THE SECRET LIFE OF PETS 2, US/France, 2019. Voices of: Patton Oswalt, Kevin Hart, Harrison Ford, Eric Stonestreet, Jenny Slate, Tiffany Haddish, Lake Bell, Dana Carvey. Directed by Chris Renaud, Jonathan Del Val. 86 minutes. Rated PG (Mild themes, animated violence).
When the first Secret Life of Pets was released, many noted that it was a variation on a story where toys, devoted to their owners, came alive with the vitality of their own when the humans weren’t looking! The pets had the same kind of secret life as the toys. And, despite Buzz Lightyear and his activities, the pets had wilder adventures than the toys.
In mid-2019, two films released at the same time, Toy Story 4 and The Secret Life of Pets 2. Needless to say, Toy Story rocked the box office.
But, there was quite some humour in the adventures in the Secret Life of those pets. And, it is the same in the sequel. Not the quite the same kind of sophistication of Pixar filmmaking (one of the secret aspects of the life of these pets is that production was done in France). But, it is all bright and colourful, and, surely,the adults accompanying the children, will generally be delighted, will also enjoy themselves and find much to smile, even laugh with.
While the focus is on Max, and his friend Duke, from the previous film, there are two other strands of adventures which intertwine. And the complication this time, especially with the humans, is that Max’s couple get married, become pregnant, and have a little boy, Liam. Max loves Liam, petting him, like humans treat their pets. And Liam identifies with his dogs, even chomping away at his own food bowl with Max and Duke!
So, Max and Duke have an adventure with Liam and his parents, excitedly travelling by car to a farm. The main dog at the farm is rooster (voiced in his seriously grumpy way by Harrison Ford), rounding up the cows, herding the sheep, giving wise advice to Max, but, ramping up the tension for the film, getting Max to rescue the lamb who got out of the fold, slipped over a cliff and is suspended on a branch, eating away, but foot stuck. Too heavy for Rooster to go down to the branch for the rescue so down goes Max – and a series of narrow escapes but Max finally being commended and rewarded by Rooster.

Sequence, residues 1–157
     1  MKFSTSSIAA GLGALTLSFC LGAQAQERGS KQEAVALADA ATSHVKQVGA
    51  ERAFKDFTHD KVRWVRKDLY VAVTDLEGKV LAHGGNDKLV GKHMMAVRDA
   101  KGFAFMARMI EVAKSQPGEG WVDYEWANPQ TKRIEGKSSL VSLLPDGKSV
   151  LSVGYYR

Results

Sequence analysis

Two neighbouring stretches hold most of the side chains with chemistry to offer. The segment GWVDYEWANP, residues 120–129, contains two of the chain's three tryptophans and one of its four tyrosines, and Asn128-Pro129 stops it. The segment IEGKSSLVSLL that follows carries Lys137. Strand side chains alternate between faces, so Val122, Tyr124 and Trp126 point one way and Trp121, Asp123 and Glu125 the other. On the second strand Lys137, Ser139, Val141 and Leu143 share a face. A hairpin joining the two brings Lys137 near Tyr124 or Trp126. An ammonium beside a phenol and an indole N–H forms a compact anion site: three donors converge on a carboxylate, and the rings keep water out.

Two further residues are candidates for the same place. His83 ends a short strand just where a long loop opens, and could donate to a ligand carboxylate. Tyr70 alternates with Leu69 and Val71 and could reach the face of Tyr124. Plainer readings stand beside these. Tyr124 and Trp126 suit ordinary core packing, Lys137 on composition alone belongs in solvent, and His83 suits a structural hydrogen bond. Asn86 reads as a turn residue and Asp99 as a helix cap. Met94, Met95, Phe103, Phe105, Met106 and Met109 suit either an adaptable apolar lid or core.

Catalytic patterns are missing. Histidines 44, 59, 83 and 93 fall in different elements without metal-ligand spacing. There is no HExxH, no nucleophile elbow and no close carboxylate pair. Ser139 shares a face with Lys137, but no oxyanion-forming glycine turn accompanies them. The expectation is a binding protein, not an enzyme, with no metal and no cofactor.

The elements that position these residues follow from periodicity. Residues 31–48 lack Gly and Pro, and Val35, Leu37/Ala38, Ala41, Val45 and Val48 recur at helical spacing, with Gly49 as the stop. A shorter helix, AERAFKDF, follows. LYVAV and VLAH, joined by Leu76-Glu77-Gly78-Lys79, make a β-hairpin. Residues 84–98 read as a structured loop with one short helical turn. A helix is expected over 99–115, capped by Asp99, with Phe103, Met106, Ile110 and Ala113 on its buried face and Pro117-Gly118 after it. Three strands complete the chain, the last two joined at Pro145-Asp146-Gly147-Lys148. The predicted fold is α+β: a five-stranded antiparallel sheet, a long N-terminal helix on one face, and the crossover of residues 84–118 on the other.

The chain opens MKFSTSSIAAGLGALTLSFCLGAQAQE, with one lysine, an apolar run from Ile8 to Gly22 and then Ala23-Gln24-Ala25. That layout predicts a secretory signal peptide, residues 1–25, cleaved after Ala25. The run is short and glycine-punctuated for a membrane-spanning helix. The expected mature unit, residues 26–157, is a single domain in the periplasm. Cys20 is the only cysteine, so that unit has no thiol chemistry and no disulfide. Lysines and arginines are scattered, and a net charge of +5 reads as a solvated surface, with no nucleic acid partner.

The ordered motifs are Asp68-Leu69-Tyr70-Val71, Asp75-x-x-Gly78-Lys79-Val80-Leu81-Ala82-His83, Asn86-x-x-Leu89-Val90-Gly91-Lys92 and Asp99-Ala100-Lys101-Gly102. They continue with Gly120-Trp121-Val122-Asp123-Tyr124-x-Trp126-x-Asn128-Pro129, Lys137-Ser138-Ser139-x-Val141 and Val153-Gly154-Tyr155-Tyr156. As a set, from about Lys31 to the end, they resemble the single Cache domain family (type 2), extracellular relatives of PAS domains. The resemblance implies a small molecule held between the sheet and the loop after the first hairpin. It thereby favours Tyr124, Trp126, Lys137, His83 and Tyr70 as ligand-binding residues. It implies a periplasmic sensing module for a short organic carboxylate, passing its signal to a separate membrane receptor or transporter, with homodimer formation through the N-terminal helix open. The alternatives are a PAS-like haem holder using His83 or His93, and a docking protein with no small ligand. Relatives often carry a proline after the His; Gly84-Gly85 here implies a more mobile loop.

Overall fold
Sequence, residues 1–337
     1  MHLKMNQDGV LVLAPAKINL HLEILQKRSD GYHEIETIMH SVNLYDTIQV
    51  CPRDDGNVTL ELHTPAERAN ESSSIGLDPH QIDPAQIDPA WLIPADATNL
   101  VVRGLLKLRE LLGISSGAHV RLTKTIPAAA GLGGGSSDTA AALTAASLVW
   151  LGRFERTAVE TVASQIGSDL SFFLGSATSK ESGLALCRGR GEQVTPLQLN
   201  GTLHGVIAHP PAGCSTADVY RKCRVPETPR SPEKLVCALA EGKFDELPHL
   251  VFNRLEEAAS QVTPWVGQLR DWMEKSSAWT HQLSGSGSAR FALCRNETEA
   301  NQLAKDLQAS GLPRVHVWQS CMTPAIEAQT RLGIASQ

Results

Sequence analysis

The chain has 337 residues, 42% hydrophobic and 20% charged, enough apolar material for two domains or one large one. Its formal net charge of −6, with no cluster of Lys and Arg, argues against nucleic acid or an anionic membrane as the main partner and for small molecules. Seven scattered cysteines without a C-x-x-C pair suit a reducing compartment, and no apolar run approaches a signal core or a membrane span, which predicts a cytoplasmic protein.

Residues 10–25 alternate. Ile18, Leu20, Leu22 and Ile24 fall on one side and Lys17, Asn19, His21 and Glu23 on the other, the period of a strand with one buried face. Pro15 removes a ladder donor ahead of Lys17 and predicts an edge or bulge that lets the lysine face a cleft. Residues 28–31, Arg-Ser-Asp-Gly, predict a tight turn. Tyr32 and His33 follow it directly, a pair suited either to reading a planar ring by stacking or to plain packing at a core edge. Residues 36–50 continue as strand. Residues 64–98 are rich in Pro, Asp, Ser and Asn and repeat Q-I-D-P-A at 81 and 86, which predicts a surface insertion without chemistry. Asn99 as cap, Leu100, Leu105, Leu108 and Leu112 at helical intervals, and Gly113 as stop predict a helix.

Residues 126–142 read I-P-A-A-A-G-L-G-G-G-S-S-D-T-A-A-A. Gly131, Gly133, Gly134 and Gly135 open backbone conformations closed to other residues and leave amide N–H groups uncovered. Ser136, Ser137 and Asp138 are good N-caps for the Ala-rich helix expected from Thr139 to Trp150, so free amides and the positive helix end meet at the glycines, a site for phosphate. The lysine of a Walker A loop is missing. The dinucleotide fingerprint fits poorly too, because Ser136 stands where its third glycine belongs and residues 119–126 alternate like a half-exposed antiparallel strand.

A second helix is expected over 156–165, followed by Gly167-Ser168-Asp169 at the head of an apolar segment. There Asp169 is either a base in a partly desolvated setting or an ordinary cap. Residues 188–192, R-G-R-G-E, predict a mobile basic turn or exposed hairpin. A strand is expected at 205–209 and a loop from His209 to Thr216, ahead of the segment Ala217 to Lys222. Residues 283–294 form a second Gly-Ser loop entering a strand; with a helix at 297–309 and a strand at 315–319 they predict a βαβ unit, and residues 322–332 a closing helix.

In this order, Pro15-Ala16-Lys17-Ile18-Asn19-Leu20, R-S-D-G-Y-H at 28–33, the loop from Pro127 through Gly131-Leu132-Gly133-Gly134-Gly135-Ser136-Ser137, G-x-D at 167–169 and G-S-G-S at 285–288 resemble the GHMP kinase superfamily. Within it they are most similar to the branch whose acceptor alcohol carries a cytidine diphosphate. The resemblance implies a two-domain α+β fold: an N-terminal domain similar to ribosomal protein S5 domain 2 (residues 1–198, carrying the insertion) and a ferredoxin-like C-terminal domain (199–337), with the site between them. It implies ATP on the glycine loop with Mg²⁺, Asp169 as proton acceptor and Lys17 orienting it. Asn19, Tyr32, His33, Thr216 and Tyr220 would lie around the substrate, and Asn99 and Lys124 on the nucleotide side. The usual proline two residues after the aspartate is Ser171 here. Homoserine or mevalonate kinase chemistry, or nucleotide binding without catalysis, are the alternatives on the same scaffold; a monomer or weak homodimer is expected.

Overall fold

In the meantime, Chloe, the literal fat cat, is enjoying her luxurious life but encounters Gidget, a fashion plate little dog, and coaches her with some success how to act as a cat! There is also a house full of cats, rather wild cats, looked after by one of those little ladies who, at the end, gets behind the car wheel and causes mayhem while she saves the day.
And, then, there is Snowball, the littlest of bunny rabbits, a protruding-teeth smile, but fancying himself as a superhero, putting on his helmet, inflating himself with his muscles – to the melody of John Williams’ theme for Superman! He does get a mission, urged on by an attractive dog, Daisy, leading to the rescue of a sympathetic young Tiger who has escaped from the circus but is being pursued by a dastardly circus master and his firebreathing hounds.
Not too difficult to work out the plot! What is amusing is the antics of the animals, their secret lives in the comic parallels with humans.
But, one of the great advantages of these Pets films is the voice casting. Patton Oswalt is a sympathetic, sometimes ingenuous, Max. Eric Stonestreet is enjoyable as the rather slow but amiable Duke. Lake Bell enjoys herself as Chloe. Snowball and Daisy are played with the usual patter expected from Kevin Hart and Tiffany Haddish (who appeared together in Night School). Jenny Slate is Gidget and, as mentioned, who better to be rooster than Harrison Ford!
No objections for The Secret Life of Pets 3.
Universal Released June 13th
Peter Malone MSC is an Associate of the Australian Catholic Office for Film and Broadcasting.